“I mean, damn it all Holmes” I went on, determined not to allow him to avoid explanations. “Her glove was found at the scene of the crime, the rope used in the hanging came from her sash window, we found the bloodied knife in her room and on top of everything, Sir Horace had recently changed his will leaving everything to her.”
Holmes put his paper down with some visible irritation. He seemed to be physically discomforted, in addition to his usual irascibility.
“Indeed Watson. But as you know, I had a very long talk with the, erm, formidable Miss Huntingdon in her schoolroom, and she explained everything to me very clearly. Very clearly indeed. I cannot breach her confidence to explain why, but there is no question of her guilt. She was most persuasive.”
And he fell silent as if recalling a vivid memory, then shook his head and shifted nervously in his seat – and instantly, it seems, regretted it, as he winced in some pain.
“This railway company is a disgrace.” he remarked. “Singularly uncomfortable seats.”
“We could swap” I offered. "Mine is well upholstered." But he refused with a curter shake of his head.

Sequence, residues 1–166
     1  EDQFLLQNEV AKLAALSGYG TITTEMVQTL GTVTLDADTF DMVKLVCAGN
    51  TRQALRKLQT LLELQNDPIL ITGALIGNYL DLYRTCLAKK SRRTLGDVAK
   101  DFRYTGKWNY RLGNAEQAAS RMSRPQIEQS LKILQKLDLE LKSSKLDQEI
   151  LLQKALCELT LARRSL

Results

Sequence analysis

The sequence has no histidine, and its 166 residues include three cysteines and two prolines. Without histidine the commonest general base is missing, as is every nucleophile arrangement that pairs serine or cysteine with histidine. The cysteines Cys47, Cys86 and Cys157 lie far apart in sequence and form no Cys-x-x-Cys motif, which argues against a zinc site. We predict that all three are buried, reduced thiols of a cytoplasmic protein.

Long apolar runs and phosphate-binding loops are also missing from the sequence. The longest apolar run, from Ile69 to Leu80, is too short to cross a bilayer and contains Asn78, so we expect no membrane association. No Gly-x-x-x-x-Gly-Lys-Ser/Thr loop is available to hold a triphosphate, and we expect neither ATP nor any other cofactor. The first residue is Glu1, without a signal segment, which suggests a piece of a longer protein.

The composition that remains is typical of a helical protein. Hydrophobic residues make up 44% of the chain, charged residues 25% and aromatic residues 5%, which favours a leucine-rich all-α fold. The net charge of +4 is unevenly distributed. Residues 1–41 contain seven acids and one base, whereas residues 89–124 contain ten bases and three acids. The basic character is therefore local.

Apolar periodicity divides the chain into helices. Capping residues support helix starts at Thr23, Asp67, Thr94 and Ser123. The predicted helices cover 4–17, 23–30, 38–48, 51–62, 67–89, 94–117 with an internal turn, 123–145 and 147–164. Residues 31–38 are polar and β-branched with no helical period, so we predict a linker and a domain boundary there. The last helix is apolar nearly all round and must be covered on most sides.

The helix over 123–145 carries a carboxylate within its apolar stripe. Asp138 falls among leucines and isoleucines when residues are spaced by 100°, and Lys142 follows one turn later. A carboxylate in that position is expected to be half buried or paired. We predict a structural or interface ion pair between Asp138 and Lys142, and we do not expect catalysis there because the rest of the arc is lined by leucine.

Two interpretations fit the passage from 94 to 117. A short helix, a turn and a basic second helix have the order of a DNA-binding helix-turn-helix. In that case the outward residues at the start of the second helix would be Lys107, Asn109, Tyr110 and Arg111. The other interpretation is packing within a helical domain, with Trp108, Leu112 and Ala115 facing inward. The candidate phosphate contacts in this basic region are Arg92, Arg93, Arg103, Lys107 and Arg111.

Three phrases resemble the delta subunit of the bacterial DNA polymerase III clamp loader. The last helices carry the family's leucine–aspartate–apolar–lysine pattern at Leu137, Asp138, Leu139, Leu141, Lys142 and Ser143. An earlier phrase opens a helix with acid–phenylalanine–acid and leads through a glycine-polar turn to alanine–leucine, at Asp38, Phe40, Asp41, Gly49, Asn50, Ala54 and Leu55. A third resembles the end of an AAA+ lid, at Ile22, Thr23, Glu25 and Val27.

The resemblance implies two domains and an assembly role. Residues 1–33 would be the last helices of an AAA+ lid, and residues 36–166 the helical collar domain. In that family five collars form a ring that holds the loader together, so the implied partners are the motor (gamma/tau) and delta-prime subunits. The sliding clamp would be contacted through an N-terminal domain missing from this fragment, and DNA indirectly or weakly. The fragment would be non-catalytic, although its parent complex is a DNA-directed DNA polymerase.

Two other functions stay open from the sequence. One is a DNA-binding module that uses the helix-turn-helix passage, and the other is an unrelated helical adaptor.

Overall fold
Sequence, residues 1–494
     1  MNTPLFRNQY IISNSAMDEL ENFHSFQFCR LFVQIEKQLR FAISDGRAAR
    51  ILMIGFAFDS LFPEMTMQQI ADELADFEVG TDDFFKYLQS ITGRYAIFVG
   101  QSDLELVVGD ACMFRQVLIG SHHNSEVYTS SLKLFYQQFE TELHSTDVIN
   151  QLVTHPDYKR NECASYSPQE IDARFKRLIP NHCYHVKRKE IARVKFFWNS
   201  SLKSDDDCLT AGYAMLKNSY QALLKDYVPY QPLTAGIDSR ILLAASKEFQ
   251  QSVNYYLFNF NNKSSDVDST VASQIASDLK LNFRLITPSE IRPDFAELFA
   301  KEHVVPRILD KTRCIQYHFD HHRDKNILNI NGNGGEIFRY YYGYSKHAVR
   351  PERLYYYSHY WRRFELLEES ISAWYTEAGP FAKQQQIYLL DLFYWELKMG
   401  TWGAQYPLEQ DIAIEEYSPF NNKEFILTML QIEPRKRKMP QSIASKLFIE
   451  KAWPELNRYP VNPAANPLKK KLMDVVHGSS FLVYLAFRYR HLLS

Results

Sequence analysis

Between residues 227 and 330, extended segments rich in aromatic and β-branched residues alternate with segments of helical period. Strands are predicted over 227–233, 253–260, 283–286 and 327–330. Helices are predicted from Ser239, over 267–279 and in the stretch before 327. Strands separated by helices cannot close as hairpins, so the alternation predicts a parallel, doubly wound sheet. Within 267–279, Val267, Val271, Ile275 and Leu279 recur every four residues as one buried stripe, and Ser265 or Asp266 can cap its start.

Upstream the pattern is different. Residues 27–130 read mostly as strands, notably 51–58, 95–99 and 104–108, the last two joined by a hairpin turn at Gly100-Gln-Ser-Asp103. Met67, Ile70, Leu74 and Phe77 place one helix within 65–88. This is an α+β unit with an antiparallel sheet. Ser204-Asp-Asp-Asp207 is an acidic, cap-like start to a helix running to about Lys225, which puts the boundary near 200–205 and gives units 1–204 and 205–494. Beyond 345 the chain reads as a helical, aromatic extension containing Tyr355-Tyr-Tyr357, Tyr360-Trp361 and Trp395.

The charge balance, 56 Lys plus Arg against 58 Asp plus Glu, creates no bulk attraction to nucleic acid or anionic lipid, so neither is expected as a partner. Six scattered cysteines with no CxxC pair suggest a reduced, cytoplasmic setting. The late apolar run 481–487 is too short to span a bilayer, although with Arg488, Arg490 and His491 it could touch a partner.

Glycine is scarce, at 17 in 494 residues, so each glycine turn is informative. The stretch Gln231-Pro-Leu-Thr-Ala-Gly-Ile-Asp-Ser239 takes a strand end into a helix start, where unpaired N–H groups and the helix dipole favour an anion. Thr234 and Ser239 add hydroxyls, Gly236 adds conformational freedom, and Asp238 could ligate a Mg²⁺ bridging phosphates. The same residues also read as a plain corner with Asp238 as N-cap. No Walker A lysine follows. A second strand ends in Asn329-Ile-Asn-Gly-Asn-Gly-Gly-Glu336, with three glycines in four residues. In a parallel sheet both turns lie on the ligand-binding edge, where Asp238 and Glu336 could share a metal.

“So…” I mused. “Suicide, after all. But Holmes, how ever did Sir Horace hang himself and stab himself several times, after tying his own hands behind his back? And did you ever solve the mystery of the strange marks across his buttocks?”
“The English aristocrat is a remarkably creative animal, Watson” Holmes remarked. “Damn this seat” – and he got up, wincing all the way.
“If you’ll excuse me, Watson” he remarked, I think I might after all not accompany you all the way to London. I cannot abandon Miss Huntingdon, at this difficult time. To lose her employer and gain control of a household and vast fortune all in one week like that… the poor woman will need a man’s guidance. I shall return to Castle Charingbourne.
But he did not - or would not - hear me or look in my direction, gazing instead almost longingly up the hill in the direction of the great house, with the faintest smile playing across his lips.